Hobnob Press


Many Hobnob titles are of interest (I hope) to an academic as well as a more general and popular readership, and I try to produce books to a standard that will earn scholarly approval. But in addition I have begun a series of uniform hardback monographs of a more specialist nature, and the first four titles are described below.


Hobnob Academic Series

Roman Britain: the Frontier Province. collected papers by Mark Hassall

Studies in the history of Roman Britain based on the documentary sources. During a distinguished academic career Mark Hassall, Emeritus Reader in Roman Archaeology at the UCL Institute of Archaeology, has published extensively on Roman Britain, and this collection brings together twenty of his most significant articles, encompassing early and later military history, the frontier and the province; and including subjects such as the army, administration, towns, religion, education and trade.  It serves as a valuable and broad-ranging resource for students of the Roman province, and specifically considers the literary and epigraphic record of Britannia across four centuries. December 2017, 291 pages, illustrated, casebound, £18.00, ISBN 978-1-906978-42-6.

Biographical Memoirs of Extraordinary Painters, by William Beckford, new edition with introduction and notes by Robert J. Gemmett

William Beckford (1760-1844) a fabulously wealthy and extravagant dilettante figure, is remembered for his strange oriental Gothic novel, Vathek, and for his architectural follies, Fonthill Abbey in Wiltshire and Beckford’s Tower in Bath. Biographical Memoirs, originally published in 1780, was his first book. It reveals his extensive knowledge of art as a critic and connoisseur and his satirical talent as a novelist. Through the vehicle of a satire reminiscent of Voltaire, he criticizes the excesses of schools of painting, particularly the Dutch and Flemish, to minute detail and empty virtuosity, while his extended parody of prominent biographies of artists, fostered by such writers as Vasari and Horace Walpole, becomes an incisive commentary on the history of art and art criticism to the end of the 18th century. Robert Gemmett, Professor Emeritus of English, State University of New York, is the author of numerous books and articles of Beckford’s life and works. February 2018, 120 pages, illustrations, hardback, £14.95, ISBN 978-1-906978-52-5.

Hidden Lives: the Nuns of Shaftesbury Abbey, by William Smith

Founded by King Alfred the Great in or around 888, the Benedictine Abbey of St Mary and St Edward at Shaftesbury was the wealthiest and most important nunnery of its order in England until its suppression by Henry VIII in 1539. Continuing the elitist traditions of its pre-Conquest origins, it remained largely the spiritual preserve of what today would be designated the upper and middle classes of society throughout the Middle Ages. Its abbesses, increasingly drawn from families of the local gentry by the late fourteenth century, enjoyed the same status as feudal barons with similar privileges and responsibilities, overseeing the foundation's large complement of nuns and its extensive estates mainly in Dorset and Wiltshire. This work gives a history of the abbey and its nuns from Anglo-Saxon times, with accounts of the abbesses and their manner of appointment in accordance with royal patronage and prerogative. An appendix contains a chronological list of known nuns, in particular the abbesses, with biographical information where available, from the convent's origins in the late ninth century until its closure and destruction around six hundred and fifty years later. This study has for its focus the lives and identities of the nuns themselves, rather than the abbey as a prominent and privileged royal institution.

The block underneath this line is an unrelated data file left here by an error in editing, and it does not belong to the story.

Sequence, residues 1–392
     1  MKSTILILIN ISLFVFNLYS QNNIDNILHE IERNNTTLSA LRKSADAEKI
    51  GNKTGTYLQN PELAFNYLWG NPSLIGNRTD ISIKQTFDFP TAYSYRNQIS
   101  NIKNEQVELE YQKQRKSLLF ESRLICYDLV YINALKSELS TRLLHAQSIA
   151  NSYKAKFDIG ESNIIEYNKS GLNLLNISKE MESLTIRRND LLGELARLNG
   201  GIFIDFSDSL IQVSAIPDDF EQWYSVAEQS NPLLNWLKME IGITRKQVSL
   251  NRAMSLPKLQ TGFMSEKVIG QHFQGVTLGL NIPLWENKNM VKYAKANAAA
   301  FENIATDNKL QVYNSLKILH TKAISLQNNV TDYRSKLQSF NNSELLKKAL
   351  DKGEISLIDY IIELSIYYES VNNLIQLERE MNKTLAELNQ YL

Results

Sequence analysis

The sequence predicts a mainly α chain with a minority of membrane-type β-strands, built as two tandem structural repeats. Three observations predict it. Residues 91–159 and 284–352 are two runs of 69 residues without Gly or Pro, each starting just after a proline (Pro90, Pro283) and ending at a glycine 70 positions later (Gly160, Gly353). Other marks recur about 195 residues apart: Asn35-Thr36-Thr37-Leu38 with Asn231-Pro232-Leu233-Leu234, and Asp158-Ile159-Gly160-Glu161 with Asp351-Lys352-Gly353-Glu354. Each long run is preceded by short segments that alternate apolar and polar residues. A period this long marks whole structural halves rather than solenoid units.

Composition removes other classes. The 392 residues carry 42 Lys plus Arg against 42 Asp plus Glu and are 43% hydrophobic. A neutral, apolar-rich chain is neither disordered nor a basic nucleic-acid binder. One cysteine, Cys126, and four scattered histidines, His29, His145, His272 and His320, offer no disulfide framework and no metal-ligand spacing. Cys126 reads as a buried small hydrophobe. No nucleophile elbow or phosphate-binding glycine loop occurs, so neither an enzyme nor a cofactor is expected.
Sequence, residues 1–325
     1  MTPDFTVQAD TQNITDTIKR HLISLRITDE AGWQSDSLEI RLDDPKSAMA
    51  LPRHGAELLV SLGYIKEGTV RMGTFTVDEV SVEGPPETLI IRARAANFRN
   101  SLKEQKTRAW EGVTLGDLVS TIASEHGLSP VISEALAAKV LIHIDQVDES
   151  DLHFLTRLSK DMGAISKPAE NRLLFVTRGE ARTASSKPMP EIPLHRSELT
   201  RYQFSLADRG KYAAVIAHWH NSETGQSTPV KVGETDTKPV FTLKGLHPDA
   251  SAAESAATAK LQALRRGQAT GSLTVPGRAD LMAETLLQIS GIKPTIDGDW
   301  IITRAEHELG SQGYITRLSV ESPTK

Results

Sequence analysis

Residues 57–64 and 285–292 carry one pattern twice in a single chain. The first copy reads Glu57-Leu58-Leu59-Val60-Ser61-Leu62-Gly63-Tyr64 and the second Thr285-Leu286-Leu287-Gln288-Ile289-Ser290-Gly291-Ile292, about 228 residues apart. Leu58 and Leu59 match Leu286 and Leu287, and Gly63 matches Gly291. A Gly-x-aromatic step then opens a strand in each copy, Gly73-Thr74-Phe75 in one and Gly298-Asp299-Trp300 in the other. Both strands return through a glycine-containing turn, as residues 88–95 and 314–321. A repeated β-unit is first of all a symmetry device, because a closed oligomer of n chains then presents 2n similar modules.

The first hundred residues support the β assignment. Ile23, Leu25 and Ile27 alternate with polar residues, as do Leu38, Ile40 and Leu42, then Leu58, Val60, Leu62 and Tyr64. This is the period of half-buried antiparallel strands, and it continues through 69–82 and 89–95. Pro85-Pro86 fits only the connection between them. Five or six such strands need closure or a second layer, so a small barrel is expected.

October 2020, 160pp, casebound, £17.95, ISBN 978-1-906978-92-1.

The Grand Tour Diaries of William Guise, from Lausanne to Rome edited by Paul and Jane Butler

William Guise, later Sir William Guise, 5th Baronet of Elmore, travelled in Switzerland and Italy in 1764 in the company of Edward Gibbon, the historian. Two journals chronicling in great detail the first part of their tour, from Lausanne to Florence, Rome and other Italian cities, and the cultural sites and artefacts that they saw, have survived in the archives of Elmore Court, Gloucestershire, which was the Guise family home. Despite their historic and cultural interest, there has until now been no full transcription of these journals (totalling 83,000 words) apart from some references to them in an edition of Gibbon's diaries. As well as perceptive comments and opinions on the architecture, statues, pictures and other works of art which they saw, there are extensive references to military matters and fortifications; to the politics and governance of the towns of Northern Italy and to travel and lodging issues. The journals illustrate the serious nature of the Grand Tour as undertaken by Guise and his better known travelling companion, Edward Gibbon. March 2022, xviii, 190pp, illustrated (some colour) hardback, £19.95, ISBN 978-1-914407-30-7.

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